Summary from goodreads:
The Victorian language of flowers was used to convey romantic expressions: honeysuckle for devotion, asters for patience, and red roses for love. But for Victoria Jones, it’s been more useful in communicating grief, mistrust, and solitude. After a childhood spent in the foster-care system, she is unable to get close to anybody, and her only connection to the world is through flowers and their meanings.
Now eighteen and emancipated from the system, Victoria has nowhere to go and sleeps in a public park, where she plants a small garden of her own. Soon a local florist discovers her talents, and Victoria realizes she has a gift for helping others through the flowers she chooses for them. But a mysterious vendor at the flower market has her questioning what’s been missing in her life, and when she’s forced to confront a painful secret from her past, she must decide whether it’s worth risking everything for a second chance at happiness.
This book was our latest book club pick and I am really glad we read it. It is the kind of book i may not have read on my own and I would have missed out on an excellent read.
Victoria is one of my favorite characters in contemporary fiction. She is broken, yet has an inner strength that she doesn’t really seem to see. She is not traditionally educated, but is very bright. Yet again, she doesn’t really see it even though many around her can see it. There are times she is very frustrating, yet you can understand her decisions even if they seem horrible. It is a sign of a very well-developed character.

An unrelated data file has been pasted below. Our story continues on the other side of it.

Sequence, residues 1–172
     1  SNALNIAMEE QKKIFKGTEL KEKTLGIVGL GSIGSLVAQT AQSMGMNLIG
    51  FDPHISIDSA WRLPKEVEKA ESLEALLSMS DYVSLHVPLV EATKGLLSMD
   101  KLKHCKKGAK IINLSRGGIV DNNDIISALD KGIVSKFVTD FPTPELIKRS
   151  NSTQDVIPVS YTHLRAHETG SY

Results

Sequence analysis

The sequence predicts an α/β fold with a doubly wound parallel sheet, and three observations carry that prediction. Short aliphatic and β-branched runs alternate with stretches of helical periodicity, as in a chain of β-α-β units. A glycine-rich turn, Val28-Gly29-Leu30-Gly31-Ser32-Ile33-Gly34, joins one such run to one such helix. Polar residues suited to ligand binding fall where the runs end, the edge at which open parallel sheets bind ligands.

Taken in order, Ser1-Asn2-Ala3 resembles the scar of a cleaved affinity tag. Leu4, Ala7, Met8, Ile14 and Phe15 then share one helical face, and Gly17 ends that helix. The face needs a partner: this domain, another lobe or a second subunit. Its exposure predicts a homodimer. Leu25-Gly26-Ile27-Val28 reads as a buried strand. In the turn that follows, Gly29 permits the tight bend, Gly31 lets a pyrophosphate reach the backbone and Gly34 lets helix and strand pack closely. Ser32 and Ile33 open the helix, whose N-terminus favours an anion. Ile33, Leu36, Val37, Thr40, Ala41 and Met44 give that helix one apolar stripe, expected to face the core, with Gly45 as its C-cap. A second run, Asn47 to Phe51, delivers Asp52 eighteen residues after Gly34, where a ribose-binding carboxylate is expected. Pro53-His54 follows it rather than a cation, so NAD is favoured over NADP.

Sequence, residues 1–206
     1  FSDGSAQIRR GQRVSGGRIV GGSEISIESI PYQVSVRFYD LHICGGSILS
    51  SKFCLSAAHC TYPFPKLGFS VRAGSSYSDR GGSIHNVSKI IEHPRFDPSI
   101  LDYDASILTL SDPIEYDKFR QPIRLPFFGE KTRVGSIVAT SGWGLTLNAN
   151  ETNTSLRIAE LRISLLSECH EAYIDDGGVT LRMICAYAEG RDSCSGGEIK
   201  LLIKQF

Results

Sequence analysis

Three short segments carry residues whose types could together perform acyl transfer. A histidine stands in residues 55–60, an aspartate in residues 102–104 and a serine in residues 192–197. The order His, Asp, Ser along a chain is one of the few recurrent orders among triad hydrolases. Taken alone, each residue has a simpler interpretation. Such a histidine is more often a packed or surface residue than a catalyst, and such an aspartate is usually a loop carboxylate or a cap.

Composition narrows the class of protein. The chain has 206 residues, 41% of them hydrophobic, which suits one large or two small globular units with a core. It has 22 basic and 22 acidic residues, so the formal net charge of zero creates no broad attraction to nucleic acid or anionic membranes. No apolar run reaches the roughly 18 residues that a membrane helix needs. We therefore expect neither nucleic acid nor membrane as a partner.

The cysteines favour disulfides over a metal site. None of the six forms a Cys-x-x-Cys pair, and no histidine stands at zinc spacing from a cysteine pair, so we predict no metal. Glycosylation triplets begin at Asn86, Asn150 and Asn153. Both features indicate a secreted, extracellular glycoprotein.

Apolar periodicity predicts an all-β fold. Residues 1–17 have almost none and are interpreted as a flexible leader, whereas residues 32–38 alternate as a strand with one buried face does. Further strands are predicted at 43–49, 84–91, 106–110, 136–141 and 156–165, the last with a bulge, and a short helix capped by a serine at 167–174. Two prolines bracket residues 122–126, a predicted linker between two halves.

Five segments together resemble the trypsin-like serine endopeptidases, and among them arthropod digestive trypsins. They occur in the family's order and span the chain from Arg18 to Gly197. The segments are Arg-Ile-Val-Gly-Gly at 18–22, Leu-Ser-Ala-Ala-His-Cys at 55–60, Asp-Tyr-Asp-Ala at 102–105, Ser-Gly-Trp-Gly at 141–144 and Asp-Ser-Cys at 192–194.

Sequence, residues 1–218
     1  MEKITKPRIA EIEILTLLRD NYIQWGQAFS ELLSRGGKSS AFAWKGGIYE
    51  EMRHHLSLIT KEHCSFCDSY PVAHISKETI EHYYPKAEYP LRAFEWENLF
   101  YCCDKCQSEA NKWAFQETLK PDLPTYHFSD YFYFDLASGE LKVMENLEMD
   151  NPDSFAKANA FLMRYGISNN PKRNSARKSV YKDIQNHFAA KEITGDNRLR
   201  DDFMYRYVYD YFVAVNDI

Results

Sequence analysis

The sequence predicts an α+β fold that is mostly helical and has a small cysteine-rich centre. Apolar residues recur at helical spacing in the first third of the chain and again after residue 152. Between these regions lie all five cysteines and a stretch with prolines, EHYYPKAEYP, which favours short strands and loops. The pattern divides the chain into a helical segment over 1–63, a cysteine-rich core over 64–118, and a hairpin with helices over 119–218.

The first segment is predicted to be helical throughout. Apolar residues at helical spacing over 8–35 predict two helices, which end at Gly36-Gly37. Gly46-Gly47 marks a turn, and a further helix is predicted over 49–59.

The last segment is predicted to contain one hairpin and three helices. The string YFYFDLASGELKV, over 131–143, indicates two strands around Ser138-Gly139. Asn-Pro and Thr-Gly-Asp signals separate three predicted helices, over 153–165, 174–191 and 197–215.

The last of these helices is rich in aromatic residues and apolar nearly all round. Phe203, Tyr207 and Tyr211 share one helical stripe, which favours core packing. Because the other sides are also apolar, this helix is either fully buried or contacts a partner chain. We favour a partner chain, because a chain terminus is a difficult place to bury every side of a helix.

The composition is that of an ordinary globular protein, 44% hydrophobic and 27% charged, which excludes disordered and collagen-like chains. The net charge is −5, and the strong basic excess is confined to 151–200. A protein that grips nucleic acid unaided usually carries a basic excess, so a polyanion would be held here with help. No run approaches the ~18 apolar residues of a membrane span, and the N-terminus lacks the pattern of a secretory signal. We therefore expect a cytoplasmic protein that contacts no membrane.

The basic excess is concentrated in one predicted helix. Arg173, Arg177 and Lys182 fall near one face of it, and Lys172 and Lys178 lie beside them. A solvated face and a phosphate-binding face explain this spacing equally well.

The book is told is a different style than usual – it alternates from the present to the past. It is a great way to find out what happened to her in the foster care system and specifically in Elizabeth’s house. It also makes it really hard to put the books down because there are two stories that really suck you in. While reading about the present day, the reader really wants to know more about her past, especially since there are hints sprinkled throughout the present, but you can never really connect the dots.
This was a perfect book club pick since there was just so much to discuss: family, the foster care system, mental health, forgiveness, love and so much more. I don’t think I would have enjoyed it as much without the discussion. It is the kind of book that only improves when you talk to others about it.